Reminder, helm refers both to the place a vessel is steered and the person performing that duty, although helmsman is also used and Spelljammer refers to the person operating a spelljamming helm. In Spelljammer, a helm is a magical chair the operator sits in. It is not a piece of headgear. All three of the iterations of SJ helms assume Vancian magic, as do my current rules.
In 2e SJ, the two standard helms, minor and major, have a limit on the size of craft they can move of 50 and 100 SJ Tons (100 cu yds) respectively. They also translate the caster level of the helmsman to Spelljammer Rating, the number of hexes a ship can move at the rate of 1/3 and 1/2 respectively. Ships also have a Maneuverability Class that determines how sharply the ship can turn per hex. There is also the much complained about helms drain the spellcasting ability of the helmsman.
In the 3e SJ mini-game/setting Shadow of the Spider Moon, helms work slightly different. The speed of a ship is determined by the size class and quality of the helm, minor or major, with an upper limit placed on the minor helm. Maneuverability is still a quality of the ship not the helm. These helms don't drain spellcasting, only requiring a spellcaster to operate.
Now there are rules for helms in 5e...hidden in a fucking non-spelljamming adventure...thanks a lot WotC. Anyways, the speed of those helms is based on the highest unexpended spell slot. That's kinda cool. It's like the 2e helms as it bases the speed on the caster's level, and it's like the 3e helms by not draining spellcasting for the day.
These are all specific to combat speeds. There is also spelljamming speed which is really really fast and either the same regardless of the helm or who is piloting, or with a slight variance, favoring major helms.
Translating these rules to SWN is a bit tricky. For spike drive equipped ships, which is the default assumption, speed is comparable to maneuverability class, which is a factor of the ship hull, and is used for combat; while the drive rating is used for in system speed and the distance a ship can travel via Drilling, i.e. SWN FTL. The inverse of how helms work. I could have stuck with that by having helms determine the drive rating by helmsman level in some way with limits on the size of hull a helm of a particular quality can move. In a generic conversion for the default setting with FTL I'd probably go with that. However, as the setting I'm working on, once called "Orbital Space Refuse" but now "Countless Stars But You're Fucking Stuck With One," is a single system STL setting, I'm using the system ship rules in Engines of Babylon and speed is used for both combat and long distance travel. Which leads to my spelljammer rules for SWN.
Each hull class has a number, 1-4 for fighter through capital-class hulls.
Helms don't drain spellcasting for the day, but they are based on the highest unexpended spell slot, with a level softcap of 10 means 6th level spells at the highest.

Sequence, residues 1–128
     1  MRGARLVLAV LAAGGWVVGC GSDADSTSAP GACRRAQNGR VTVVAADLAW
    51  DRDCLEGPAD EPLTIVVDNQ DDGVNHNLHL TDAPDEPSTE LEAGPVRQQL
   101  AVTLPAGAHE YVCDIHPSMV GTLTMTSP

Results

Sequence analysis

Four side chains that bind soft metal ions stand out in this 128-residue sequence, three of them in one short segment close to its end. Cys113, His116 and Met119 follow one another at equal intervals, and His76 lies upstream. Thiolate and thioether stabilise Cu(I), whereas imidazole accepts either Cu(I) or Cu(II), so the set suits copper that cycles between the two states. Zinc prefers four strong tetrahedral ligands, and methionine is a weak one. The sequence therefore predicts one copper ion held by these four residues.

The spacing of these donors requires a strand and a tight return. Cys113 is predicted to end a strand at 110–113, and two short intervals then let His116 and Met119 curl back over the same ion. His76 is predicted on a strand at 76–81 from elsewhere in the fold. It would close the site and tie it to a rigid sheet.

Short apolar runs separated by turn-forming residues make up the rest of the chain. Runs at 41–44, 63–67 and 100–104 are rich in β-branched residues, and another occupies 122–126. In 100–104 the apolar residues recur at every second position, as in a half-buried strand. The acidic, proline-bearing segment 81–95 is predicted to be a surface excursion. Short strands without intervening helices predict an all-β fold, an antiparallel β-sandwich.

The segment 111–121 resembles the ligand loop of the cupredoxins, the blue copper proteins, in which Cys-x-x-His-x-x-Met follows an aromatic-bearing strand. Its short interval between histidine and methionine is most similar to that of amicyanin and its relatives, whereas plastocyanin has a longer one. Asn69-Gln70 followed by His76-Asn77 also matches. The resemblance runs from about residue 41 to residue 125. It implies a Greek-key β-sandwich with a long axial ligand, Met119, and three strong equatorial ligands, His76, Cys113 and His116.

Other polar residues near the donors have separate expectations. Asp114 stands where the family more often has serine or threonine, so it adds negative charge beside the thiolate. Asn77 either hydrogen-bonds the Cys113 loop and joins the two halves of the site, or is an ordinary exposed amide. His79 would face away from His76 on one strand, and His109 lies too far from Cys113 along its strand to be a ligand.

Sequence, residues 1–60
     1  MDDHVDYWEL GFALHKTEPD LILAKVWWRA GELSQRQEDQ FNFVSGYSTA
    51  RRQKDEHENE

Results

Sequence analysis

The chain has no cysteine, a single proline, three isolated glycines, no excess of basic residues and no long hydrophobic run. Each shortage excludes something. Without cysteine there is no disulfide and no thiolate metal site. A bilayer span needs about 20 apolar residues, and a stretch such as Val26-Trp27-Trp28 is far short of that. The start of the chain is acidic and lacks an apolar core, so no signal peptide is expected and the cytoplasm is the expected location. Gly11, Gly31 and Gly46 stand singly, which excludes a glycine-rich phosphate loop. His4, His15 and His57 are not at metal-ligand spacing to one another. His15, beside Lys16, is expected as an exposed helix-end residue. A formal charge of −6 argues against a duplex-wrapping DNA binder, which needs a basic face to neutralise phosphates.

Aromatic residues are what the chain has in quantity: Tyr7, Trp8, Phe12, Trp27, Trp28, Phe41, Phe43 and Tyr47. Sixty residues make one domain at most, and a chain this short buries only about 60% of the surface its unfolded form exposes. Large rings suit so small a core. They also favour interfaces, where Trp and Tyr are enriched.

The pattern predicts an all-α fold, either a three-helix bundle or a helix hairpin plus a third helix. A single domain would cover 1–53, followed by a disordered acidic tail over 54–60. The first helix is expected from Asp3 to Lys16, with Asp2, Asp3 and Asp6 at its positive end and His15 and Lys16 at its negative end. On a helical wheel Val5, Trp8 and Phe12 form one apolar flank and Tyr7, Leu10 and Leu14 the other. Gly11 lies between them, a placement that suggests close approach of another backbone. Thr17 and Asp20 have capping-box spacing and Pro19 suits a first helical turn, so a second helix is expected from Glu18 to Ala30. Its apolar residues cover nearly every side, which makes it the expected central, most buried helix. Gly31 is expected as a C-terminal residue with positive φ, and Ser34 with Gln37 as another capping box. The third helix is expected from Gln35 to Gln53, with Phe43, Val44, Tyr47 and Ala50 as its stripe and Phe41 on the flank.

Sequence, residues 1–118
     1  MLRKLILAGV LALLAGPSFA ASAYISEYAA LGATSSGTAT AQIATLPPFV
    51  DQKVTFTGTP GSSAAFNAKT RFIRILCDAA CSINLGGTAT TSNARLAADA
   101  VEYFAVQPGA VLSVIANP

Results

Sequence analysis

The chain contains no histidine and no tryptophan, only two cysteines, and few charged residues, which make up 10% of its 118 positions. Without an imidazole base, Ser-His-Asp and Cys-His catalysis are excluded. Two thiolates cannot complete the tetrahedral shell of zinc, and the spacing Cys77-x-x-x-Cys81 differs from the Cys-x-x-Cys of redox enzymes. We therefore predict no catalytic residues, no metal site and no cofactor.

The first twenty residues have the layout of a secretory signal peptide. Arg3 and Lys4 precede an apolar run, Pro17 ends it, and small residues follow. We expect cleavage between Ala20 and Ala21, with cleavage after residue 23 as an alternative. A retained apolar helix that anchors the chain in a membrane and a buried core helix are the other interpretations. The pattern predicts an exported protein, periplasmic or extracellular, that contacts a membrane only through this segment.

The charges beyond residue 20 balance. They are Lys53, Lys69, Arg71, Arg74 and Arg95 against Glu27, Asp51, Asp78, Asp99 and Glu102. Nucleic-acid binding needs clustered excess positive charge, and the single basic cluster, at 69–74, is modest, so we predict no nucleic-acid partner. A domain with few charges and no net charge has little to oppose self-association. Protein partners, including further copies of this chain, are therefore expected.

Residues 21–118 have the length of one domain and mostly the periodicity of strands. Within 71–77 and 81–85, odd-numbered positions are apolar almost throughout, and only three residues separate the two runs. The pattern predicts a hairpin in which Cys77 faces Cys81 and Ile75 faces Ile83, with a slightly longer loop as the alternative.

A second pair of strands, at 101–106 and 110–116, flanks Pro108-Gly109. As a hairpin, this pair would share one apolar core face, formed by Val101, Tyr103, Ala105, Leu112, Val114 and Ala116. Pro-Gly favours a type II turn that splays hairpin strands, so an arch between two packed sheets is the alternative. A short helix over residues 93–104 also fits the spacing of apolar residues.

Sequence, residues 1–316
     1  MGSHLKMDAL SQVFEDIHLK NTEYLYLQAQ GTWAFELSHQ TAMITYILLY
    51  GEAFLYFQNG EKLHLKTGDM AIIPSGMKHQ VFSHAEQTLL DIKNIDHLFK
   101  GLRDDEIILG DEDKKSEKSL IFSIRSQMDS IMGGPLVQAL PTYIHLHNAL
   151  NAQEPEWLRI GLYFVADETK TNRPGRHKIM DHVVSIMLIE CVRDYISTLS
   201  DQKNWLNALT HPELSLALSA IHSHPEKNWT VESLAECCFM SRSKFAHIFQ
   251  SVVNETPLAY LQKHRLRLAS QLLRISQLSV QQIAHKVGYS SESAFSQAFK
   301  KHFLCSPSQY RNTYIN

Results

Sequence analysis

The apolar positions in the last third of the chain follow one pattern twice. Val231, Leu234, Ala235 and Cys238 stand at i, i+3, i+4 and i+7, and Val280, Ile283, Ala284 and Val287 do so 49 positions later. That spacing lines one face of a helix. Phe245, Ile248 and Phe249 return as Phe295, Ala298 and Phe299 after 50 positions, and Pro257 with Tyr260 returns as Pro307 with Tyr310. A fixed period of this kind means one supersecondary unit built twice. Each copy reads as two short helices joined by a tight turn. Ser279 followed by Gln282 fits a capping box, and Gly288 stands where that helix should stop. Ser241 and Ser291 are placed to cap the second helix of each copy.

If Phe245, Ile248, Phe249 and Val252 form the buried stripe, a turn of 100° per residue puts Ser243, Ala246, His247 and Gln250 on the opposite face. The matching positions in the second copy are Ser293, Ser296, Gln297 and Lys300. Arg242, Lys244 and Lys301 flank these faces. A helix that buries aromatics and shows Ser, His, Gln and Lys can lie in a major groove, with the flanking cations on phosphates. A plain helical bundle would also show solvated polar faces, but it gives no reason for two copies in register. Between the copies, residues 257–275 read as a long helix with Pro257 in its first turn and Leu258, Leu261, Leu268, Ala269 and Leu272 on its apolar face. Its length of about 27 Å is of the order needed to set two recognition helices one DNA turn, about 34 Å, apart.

Ignore the speed of the hull, an active helm overrides that stat because magic. Instead the speed is determined by highest unexpended spell slot level divided by hull rating for a major helm, and divided by twice the hull rating for minor helms, all rounded down. 0 is a valid speed for a ship to have as unintuitive as it may be to someone unfamiliar with SWN. Major helms can move any class of hull. Minor helms stop at frigate-class hulls.
A helmsman can operate a helm for 12 hours with no ill effects. Every additional 12 hours expends the highest unexpended spell slot potentially reducing the ships speed. Piloting in combat is considered 12 hours regardless of how long the combat was, but any adjustment to speed occurs afterwards. Because of these limitations, spelljammers will either have multiple casters to pilot in shifts or only operate the helm for a fraction of each day, commonly 6, 8, or 12 hours, reducing the ship speed by 1/4, 1/3, or 1/2 respectively, rounding down, if this reduces a ships speed to zero, the travel time also increases 4x, 3x, or 2x respectively. No spellcasting is possible while operating a helm.
As befits them being extremely advance magi-tech they take the form of ornate chairs and are essentially plug-n-play. Just find someplace to bolt the helm down and set a spellcaster down in it. A minor helm costs roughly 100,000 credits, and a major helm costs roughly 250,000 credits. I'm lazy and just used the prices from 2e SJ. The rarity, value, and portability as it stands does make them easily stolen, therefore prime targets for space pirates.
A rough outline for converting spelljammer from Spelljammer is to compare their minimum crew to a particular base hull. It turns out that in general the ships in the original box set are generally frigate-class hulls, mostly patrol boats or free traders. Another rough guide is to compare the largest dimension to either the Millennium Falcon or the Serenity, both of which I would classify as frigate-class hulls, free traders (TL4) or passenger liners (TL3).
As my setting assumes system drives are the default, this also helps solve the "elven flitters are trash in one of their listed roles as fighter craft" because a military force isn't going to put high enough level casters to make a flitter fast enough to run down larger vessels, and conventional drives are in many respects better than a spelljamming helm. The advantage of a helm is no fuel, and the advantage of a system drive is higher base speed and not needing a wizard to operate it.